Rocky Mount Prep basketball has a role for everyone

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Rocky Mount Prep's Trevor Batchelor, left, defends as East Carteret's Paul Dixon looks to pass Saturday during the NCHSAA 1-A state playoffs third round game at Rocky Mount Prep.


Sports Writer

Friday, March 2, 2018

It all happened so fast. For this team, that’s how it goes.

Sam Benton wasn’t scoring. The point guard for the Rocky Mount Prep boys basketball team didn’t bother to scrounge for shot attempts. Instead, Benton focused on defense. He baited cross-court passes, and all but attatched himself to his defensive assignment

He took four shot attempts throughout the first three quarters of the Jaguars fourth-round win last Tuesday against Durham Voyager Academy. His lone point came after making the first of three free-throw attempts.

But Benton didn’t worry about contributing on offense. He didn’t have to. Not while senior teammates Kalil Baker and Keyshawn Bryant are on the floor. And they’re always on the floor — they’ve played every minute of every playoff game. In the final 3 minutes, 45 seconds of the game, however, Benton showed up and poured in seven points.

He also snatched the ball away from the Mariners, who were pushing in the final moments to make up ground on a four-point deficit, and dished a cross-court assist to Baker, who finished the play with a layup and breathing room. Benton finished with eight points and beamed postgame. He was most proud of his defense.

Because that’s what Benton, the 5-foot, 8-inch junior, does best.

“Defense is the key to playing this game,” Benton said. “And for me, that’s how I contribute most. Everyone has a role to play on this team. And the best part is that we all know who does what the best, and we stick to it.”

Trevor Batchelor, the other half of the Jaguars athletic backcourt, views his role through the same lens. Like Benton, Batchelor often defers scoring opportunities to Baker and Bryant, as each average more than 20 points per game.

But don’t be fooled by Batchelor’s seemingly passive approach to offense. He’s always looking for a crack in the defense to attack. He’s shown countless flashes of powerful drives to the basket throughout this postseason run. Jaguars coach Jolly Manning expects Batchelor to drive if he’s being defended by just one player. But Batchelor knows for this work, he can’t always be testing the teeth of the defense.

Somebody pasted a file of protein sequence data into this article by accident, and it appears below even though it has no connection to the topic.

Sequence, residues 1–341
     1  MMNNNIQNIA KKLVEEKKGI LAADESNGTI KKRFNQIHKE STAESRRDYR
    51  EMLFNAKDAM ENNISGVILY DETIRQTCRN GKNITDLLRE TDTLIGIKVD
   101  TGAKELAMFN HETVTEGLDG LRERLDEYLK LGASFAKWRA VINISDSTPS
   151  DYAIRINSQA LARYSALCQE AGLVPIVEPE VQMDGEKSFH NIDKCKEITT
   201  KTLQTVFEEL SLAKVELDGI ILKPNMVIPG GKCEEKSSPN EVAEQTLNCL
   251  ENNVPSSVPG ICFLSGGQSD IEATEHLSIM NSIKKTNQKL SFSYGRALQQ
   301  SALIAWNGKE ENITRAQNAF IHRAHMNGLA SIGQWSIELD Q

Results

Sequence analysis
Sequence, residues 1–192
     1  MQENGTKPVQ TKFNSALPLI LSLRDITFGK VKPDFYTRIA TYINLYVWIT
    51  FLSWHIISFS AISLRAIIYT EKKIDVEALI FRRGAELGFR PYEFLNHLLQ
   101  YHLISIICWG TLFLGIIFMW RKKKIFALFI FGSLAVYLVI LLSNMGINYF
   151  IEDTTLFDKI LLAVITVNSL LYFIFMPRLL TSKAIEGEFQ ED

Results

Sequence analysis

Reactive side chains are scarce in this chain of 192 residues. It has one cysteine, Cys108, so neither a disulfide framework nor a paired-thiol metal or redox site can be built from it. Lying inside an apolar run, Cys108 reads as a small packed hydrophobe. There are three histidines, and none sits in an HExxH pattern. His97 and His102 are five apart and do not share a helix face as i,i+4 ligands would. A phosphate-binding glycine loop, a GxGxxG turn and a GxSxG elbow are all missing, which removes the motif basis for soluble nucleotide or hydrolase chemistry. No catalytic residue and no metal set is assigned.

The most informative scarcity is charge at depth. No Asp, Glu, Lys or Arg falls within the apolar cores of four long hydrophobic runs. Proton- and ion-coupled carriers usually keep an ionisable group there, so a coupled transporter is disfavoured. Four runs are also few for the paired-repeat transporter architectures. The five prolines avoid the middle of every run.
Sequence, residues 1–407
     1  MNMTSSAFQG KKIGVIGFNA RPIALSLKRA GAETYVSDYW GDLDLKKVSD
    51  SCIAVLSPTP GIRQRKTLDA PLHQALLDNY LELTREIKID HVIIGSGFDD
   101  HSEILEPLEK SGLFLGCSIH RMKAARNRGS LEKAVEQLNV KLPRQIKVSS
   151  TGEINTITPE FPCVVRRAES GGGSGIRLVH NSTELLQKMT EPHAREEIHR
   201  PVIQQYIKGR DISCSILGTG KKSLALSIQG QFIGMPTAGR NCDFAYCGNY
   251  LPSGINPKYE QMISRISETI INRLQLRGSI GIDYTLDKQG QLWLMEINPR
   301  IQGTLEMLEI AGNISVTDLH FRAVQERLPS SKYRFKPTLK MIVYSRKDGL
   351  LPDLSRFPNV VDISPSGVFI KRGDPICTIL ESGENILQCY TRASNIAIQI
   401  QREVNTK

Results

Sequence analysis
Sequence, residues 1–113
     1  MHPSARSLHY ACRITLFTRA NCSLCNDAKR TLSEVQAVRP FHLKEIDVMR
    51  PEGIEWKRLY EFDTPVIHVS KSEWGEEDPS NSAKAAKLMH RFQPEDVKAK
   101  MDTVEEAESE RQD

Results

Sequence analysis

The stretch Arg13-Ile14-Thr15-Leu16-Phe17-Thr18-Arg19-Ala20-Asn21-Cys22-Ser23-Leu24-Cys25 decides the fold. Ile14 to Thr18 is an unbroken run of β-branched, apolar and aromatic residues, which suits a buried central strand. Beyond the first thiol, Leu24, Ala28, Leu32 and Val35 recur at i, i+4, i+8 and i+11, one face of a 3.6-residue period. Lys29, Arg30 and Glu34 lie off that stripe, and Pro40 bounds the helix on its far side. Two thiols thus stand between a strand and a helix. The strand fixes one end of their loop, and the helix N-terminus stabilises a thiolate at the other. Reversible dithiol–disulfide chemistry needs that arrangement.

“When I see an open lane I’ll take it,” Batchelor said. “If you miss you miss, and you get back on defense. That’s the beauty of it, because someone else on this team will make that shot the next trip down.”

Batchelor missed his first three free-throw attempts of the game on Tuesday, then made his final five in the final minutes of the win. When he isn’t shooting, Batchelor is a supreme passer, making sure to get the ball into the hands of whichever teammate is open. A dish to Toyaz Solomon in the paint in the first quarter were the first points of the game for the Jaguars. Solomon, the wiry 6-foot-6 forward, first got a chance to start on this team in December.

Solomon had to improve his rebounding and defensive efforts to be a mainstay, and once he figured out how to defend and clean up errant shots under the basket, he morphed into a valuable cog.

Solomon racked up four blocks in a third-round win. Batchelor, who is the team’s third option for points, has scored in double figures in each of the Jaguars three postseason wins, including 14 points against Durham Voyager, 11 in a second-round win over East Carteret and 10 against Plymouth.

“My guys know each other and share the ball so well,” Manning said. “Most have been together since middle school, so they have a good chemistry on and off the court.”

That chemistry, or familiarity with each other’s games, has led to a 25-0 season and a spot in Saturday’s East Regional finals. The top-seeded Jaguars will play No. 3 Pamlico County (21-5), a team that beat Tarboro High in the second round.

RMP is a fun watch. Its fast-paced offense lends itself to exciting dunks and long-range, game-changing shots. Racing upcourt and catching opponents out of position is where this team shines. And while much of the spotlight and the scoring load is shouldered by both Bryant and Baker, the roles of the five starters are so clearly defined that this high-speed train never gets derailed for too long.

Benton describes it best. He knows, as the point guard, how, and through who, he should direct this offense.

“Here’s how it is,” the emotional leader of the team starts. “I run the one, Trevor can shoot and plays well off the ball moving around. Kalil does what he wants on offense, Keyshawn shows out at the right times, and Toyaz locks down under the basket.

“We know we need points to win, and we know who gets them and who does the other work so we’re in that spot. When we started the first game and figured out what each other does well, then we put it all together.”